Image: Mount Rushmore
Charlie Riedel  /  AP file
Visitors watch while workers wash Mount Rushmore in July. A few groups have called for a tourism boycott after South Dakota passed the nation's most stringent abortion ban.
updated 3/17/2006 4:43:17 PM ET 2006-03-17T21:43:17

The superintendent of Mount Rushmore was surprised at first when people from all over the country started calling up to express their opinion about South Dakota’s ban on nearly all abortions.

Some callers said they were so upset that they would never visit Mount Rushmore, South Dakota’s No. 1 tourist attraction. Others said they were so thrilled that they would make a point of coming to see the chiseled faces of four U.S. presidents in the Black Hills.

On further reflection, Superintendent Gerard Baker decided that the messages from far and wide made sense, because Mount Rushmore is a symbol of freedom.

“That’s what we’re all about here,” he said. “That’s what America is all about, people expressing their freedom and people expressing their choices and so forth.”

In an uproar that has taken many South Dakotans by surprise, politicians and state agencies have been bombarded in the past few weeks with thousands upon thousands of calls, letters and e-mails — pro and con — from across the country and around the world.

And a few small groups have called for a tourism boycott of South Dakota, urging people to avoid such attractions as Mount Rushmore, the Badlands, the annual motorcycle rally in Sturgis, and the Corn Palace, an arena in Mitchell whose walls are covered with colorful ears of corn.

Strictest abortion law in the nation
The furor was prompted by the passage of the strictest abortion law in America — a ban on all abortions except to save a woman’s life, with no exceptions for rape or incest. The measure, set to take effect July 1, is aimed at overturning the 1973 Supreme Court decision Roe v. Wade that established the right to an abortion.

Planned Parenthood, which operates South Dakota’s only abortion clinic, has said it will decide soon whether to challenge the measure in court or press for a statewide referendum in November.

“Obviously, this is one of the most contentious issues in American society, so when a state does something dramatic, I think you can reasonably expect it will elicit a pretty strong response from the folks who have an interest in the issue,” said Don Dahlin, a political science professor at the University of South Dakota,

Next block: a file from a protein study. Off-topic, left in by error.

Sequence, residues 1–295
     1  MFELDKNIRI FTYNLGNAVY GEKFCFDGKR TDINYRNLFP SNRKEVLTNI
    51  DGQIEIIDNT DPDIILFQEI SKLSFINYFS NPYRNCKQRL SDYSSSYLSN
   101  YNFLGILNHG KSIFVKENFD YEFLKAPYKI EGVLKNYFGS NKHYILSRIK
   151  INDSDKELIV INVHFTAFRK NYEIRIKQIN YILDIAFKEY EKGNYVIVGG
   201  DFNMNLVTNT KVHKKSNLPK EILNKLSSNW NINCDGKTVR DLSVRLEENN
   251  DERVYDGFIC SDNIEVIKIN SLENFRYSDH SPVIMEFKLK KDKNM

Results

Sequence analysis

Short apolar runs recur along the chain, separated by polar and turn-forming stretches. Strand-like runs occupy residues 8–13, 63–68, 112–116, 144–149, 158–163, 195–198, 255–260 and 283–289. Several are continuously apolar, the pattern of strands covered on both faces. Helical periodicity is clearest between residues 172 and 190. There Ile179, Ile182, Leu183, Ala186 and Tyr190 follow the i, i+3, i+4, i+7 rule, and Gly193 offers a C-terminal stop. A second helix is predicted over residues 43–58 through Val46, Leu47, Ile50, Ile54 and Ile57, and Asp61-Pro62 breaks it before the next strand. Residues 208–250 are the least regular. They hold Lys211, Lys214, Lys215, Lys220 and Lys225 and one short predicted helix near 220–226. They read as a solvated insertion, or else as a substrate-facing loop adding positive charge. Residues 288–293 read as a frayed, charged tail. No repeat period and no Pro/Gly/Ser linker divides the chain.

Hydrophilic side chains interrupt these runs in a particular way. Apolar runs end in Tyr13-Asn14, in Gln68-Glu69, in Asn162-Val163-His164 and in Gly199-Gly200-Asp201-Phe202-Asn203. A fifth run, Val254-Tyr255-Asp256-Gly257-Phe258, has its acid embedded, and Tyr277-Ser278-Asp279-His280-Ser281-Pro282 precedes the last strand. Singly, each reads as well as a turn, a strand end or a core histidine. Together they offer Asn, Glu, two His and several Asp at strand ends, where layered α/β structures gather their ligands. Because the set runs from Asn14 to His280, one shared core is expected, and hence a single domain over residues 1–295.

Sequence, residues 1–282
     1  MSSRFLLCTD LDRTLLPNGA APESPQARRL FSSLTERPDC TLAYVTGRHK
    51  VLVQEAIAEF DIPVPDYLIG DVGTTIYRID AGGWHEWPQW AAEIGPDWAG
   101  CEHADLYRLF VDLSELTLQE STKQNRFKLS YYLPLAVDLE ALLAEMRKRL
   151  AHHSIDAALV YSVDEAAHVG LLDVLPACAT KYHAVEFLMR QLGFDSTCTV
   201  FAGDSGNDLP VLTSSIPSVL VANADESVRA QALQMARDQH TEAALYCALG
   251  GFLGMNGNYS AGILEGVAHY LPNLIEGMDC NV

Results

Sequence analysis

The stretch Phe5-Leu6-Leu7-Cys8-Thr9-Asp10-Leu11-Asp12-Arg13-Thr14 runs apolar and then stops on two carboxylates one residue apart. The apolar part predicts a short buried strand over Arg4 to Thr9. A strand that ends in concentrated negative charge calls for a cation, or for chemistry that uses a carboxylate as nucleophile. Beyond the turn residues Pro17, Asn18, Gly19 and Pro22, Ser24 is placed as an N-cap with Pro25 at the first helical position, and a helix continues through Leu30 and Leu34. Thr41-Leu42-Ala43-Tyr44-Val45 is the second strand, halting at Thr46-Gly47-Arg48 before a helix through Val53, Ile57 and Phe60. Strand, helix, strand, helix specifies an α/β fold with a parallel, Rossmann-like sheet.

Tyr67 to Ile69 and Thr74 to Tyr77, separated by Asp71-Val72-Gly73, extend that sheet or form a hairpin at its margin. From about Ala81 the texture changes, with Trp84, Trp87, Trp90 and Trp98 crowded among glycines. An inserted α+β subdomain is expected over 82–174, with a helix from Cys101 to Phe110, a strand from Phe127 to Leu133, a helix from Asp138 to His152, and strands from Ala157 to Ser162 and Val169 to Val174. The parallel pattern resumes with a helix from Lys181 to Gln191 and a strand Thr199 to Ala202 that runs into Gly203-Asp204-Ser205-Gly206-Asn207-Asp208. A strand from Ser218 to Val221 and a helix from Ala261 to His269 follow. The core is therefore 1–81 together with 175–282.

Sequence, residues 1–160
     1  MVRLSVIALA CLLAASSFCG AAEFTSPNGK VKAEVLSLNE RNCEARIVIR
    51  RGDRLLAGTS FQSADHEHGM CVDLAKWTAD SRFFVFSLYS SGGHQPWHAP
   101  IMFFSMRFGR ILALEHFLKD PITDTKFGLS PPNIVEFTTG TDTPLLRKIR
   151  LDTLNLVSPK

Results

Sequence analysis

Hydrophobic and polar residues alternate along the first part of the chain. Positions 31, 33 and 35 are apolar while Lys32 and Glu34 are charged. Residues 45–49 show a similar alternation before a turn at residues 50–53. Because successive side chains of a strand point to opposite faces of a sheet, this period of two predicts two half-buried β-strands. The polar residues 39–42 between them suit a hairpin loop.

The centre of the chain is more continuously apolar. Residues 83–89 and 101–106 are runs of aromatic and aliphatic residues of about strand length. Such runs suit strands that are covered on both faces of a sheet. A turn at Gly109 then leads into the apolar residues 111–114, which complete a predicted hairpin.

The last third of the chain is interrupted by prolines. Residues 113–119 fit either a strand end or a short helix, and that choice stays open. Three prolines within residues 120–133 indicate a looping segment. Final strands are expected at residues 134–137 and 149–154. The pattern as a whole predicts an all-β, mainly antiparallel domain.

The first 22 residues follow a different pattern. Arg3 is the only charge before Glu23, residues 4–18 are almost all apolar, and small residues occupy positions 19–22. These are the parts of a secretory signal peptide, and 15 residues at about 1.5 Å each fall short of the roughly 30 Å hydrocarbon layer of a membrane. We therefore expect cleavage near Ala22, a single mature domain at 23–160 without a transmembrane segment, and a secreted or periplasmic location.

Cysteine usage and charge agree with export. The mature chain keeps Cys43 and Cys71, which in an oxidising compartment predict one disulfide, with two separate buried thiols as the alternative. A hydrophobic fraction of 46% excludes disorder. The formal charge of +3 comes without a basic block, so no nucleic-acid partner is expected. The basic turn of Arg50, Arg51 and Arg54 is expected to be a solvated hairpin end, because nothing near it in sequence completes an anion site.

In a state where many people do not bother to lock their cars or homes, security was tightened at the state Capitol as the Legislature debated the abortion measure, with state troopers more visible than usual, and plainclothes officers sitting in during a committee hearing.

Steps were also taken to protect some of the bill’s main sponsors when they returned home.

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But “to the best of my knowledge, we’ve had no threats,” said Republican Gov. Mike Rounds, who signed the law March 6.

The governor’s office has set up a call center with five lines just to take calls about the abortion measure. An estimated 10,000 calls, e-mails and letters arrived in a two-week period. “I don’t know of any other single event that has generated more interest than this,” said press secretary Mark Johnston.

Tourism brings in millions
Tourism is South Dakota’s second-largest industry, behind agriculture, with visitors to the state spending $809 million in 2005, according to the Tourism Department. Mount Rushmore received 2.75 million visitors in 2005.

Among those calling for a boycott is the Women’s Medical Fund, an abortion rights organization based in Madison, Wis. “Our message is that if they are going to treat women in this inhumane way, they can expect to pay a price,” said Anne Gaylor, the group’s director.

State Tourism Director Billie Jo Waara said that her office has been getting a dozen or so calls a day from people on both sides of the issue. Some say they will not vacation in South Dakota, but very few of those who had already made travel plans have canceled, she said.

So far, “it’s unclear whether it will be significant or not,” Waara said.

Dahlin said the effect of a tourism boycott would probably be relatively small because the state relies on family tourism, not the kind of large-scale convention business that can be shifted all at once to another city.

At Mount Rushmore, Baker said the controversy has had no effect yet.

Baker said it’s a free country, but added: “I guess if I had to say something, I would say if you’re bringing your family here and you decide not to do that, what you’re doing is cheating your family, you’re cheating your youngsters by not bringing them to learn about this place.”

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